There aren't so many places left where locals and tourists intermingle in equal measure whilst drunk that aren't high-priced hotel bars or AT&T Park. The Hi Dive remains one of those spots, easily accessed along the Embarcadero if you're out for a walk on a sunny day and looking to sit down. They've got a down-market patio with million-dollar views (but still on the wrong side of the Bay Bridge and a bit in the shadows), pretty cheap beer, and a full food menu with a passable burger. But really it's all about knowing where to go on a sunny day that's going to remind you how pretty our city while still keeping it real, and dive-y. (Fun non-fact: Rumor has it that this was a place gay men used to go to cruise sailors way back in the day.)— Jay Barmann
Pier 28 on the Embaracadero

(photo: CT Young)

The Hi-Tide Lounge
The Hi-Tide is one of those places you end up, maybe because you were at a party at Jones across the street and got tired of waiting for the bathroom, or maybe because you drunkenly stumbled here with a friend after drinking in six other bars around the neighborhood. There's a topless painting behind the bar of a petite Korean lady who may be the owner (in her heyday), and you may find her behind the bar watering down your over-priced vodka soda in a tiny glass. The clientele range from jaded hip kids to mealy-mouthed drunks who stumble in from SROs down the street to spend their government assistance checks on days when they're feeling sociable, so you should be sure to be nice to them because, to be fair, this is kind of their turf. — Jay Barmann
600 Geary Street (between Jones & Leavenworth)

(Photo: John Strathdee)

Li Po Lounge
This cash-only Chinatown spot serves well whiskey made in China, and by virtue of some very strong if non-traditional "Chinese Mai Tais" the place made it onto Anthony Bourdain's former show The Layover. And it's on the radar of many hard-partiers in nearby North Beach who pack the place on weekend nights. Should you really be drinking those Mai Tais if you are not a 23-year-old sorority girl who thinks alcohol tastes bad? Probably not. But the place has its charms nonetheless. — Jay Barmann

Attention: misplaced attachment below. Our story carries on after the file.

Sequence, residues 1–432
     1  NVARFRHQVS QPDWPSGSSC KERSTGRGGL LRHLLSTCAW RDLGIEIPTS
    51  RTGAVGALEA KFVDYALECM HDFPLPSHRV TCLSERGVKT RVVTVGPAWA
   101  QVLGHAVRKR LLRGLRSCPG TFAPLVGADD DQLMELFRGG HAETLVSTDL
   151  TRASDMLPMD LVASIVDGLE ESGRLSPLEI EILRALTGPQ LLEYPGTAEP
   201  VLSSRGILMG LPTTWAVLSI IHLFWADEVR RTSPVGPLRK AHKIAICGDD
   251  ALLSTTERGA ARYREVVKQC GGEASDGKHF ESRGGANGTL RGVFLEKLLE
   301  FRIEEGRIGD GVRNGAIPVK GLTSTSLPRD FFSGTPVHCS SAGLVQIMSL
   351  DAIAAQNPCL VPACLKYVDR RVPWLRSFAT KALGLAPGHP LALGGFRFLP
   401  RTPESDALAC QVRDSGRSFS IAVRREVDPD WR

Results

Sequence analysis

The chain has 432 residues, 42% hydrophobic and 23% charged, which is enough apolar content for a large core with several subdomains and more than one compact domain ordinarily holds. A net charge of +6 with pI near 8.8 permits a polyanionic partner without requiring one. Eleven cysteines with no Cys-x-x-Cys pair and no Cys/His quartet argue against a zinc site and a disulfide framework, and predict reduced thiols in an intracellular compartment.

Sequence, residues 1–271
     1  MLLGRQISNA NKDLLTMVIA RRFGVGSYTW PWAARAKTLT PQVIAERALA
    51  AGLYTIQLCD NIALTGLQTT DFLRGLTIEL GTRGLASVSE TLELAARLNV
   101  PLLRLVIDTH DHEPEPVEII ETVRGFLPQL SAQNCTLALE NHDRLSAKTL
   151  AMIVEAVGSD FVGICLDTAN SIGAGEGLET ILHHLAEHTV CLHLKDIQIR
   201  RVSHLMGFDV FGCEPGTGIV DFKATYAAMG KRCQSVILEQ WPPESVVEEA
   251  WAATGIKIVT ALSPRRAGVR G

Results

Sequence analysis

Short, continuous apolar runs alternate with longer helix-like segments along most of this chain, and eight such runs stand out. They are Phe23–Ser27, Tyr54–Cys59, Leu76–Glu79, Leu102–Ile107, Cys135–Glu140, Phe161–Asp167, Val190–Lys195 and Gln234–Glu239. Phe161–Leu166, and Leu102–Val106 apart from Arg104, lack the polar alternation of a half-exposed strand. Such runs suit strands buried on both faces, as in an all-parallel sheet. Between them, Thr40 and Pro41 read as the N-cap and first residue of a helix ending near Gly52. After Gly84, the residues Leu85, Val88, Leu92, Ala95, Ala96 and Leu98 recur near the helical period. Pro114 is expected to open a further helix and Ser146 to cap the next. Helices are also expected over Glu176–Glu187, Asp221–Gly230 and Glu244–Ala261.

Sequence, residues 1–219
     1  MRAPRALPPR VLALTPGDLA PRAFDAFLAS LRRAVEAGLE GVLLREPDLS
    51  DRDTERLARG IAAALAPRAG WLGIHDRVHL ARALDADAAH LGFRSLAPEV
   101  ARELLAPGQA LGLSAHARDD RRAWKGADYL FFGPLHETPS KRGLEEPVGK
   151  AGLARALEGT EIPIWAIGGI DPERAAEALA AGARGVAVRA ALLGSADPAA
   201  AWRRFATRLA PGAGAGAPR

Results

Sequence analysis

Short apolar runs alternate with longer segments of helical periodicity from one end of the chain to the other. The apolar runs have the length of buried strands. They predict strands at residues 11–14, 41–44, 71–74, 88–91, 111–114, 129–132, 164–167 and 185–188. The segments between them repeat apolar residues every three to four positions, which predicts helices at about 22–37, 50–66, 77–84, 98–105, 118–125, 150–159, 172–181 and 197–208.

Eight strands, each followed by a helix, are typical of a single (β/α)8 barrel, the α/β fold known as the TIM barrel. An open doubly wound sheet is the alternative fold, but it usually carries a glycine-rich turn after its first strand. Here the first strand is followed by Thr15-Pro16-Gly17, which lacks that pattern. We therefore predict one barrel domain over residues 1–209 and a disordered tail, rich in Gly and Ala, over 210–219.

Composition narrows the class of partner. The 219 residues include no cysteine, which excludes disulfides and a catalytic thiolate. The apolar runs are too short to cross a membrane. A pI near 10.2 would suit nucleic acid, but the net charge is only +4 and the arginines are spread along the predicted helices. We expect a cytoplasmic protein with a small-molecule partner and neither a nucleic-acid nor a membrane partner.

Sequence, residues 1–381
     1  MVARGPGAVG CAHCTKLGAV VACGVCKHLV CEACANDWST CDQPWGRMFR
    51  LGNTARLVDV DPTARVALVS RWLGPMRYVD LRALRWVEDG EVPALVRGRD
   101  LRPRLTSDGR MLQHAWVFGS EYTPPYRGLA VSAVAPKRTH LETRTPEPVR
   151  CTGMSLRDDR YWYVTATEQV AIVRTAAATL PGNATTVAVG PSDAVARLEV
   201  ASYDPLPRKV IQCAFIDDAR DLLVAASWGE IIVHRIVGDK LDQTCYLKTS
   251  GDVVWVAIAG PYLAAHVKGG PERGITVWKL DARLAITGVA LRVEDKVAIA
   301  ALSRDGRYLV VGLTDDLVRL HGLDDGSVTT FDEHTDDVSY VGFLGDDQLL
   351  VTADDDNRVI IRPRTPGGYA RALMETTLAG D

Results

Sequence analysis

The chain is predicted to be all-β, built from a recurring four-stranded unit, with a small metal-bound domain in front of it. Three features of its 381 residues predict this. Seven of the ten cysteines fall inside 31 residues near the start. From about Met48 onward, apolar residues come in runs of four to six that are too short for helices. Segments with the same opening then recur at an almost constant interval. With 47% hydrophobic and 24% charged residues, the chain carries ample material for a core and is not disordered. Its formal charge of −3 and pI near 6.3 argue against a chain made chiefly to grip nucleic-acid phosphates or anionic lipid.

916 Grant (at Washington)

The Lucky Horseshoe
Formerly Skip's until 2011, the clientele and indeed the Cortland neighborhood are, as the French say, d'un certain âge. Live bluegrass on Sundays keeps the youngs away. Friendly, but not overly friendly staff. Cheapish drinks. Caleb Pershan
453 Cortland Avenue between Wool and Andover Streets

Molotov's. Caleb Pershan/SFist

If you're looking for cheap drinks and the feeling that you could be assaulted, then might I suggest Molotov's? In keeping with the bar's anarchic overtones, they've got a punk-laden jukebox that sits next to a very janky Monster Bash pinball machine. Other relevant facts are that Molotov's is named for a crude incendiary weapon and that PBR costs you $2 and several dirty looks. —Caleb Pershan
582 Haight Street between Steiner and Fillmore Streets

(photo: Erik Wilson)

Mr. Bing's
When William Butler Yeats wrote "That is no country for old men," you can be certain he was not referring to Mr. Bing's. A 2014 inductee into San Francisco Heritage's “Legacy Bars & Restaurants” list, the V-shaped bar inside the V-shaped bar at Mr. Bing's has been gathering to it an eclectic crowd since 1967. It's dingy, cheap, and a good place to watch sports or play that weird dice game. People burp loudly at the bar. In 2012 Anthony Bourdain gave it his official seal of approval on The Layover but the crowds, if there were any, have died down. Inside, you will find one infamous painting of a woman playing tennis and scratching her bare ass, which we're told was stolen for a time, but tracked down by Mr. Bing's daughter-in-law, a private investigator. —Caleb Pershan
201 Columbus Avenue (between Jack Kerouac Alley & Pacific Avenue)

Photo via Yelp.

The Page
With a pool table, a foosball table, and plenty of beer on tap, The Page is both packed to the gills on a Friday night and filled by neighborhood regulars on a weekday afternoon. It's also carpeted, which out the gate tells you a lot. With a row of seats along a Page Street-facing window, it also offers a great opportunity to chill out and catch up with friends while spying on the outside world. In an era where seemingly every bar has some sort of theme, The Page offers a chance to hang out in a no-frills bar that makes no effort to impress anyone — we suggest you seize it. — Jack Morse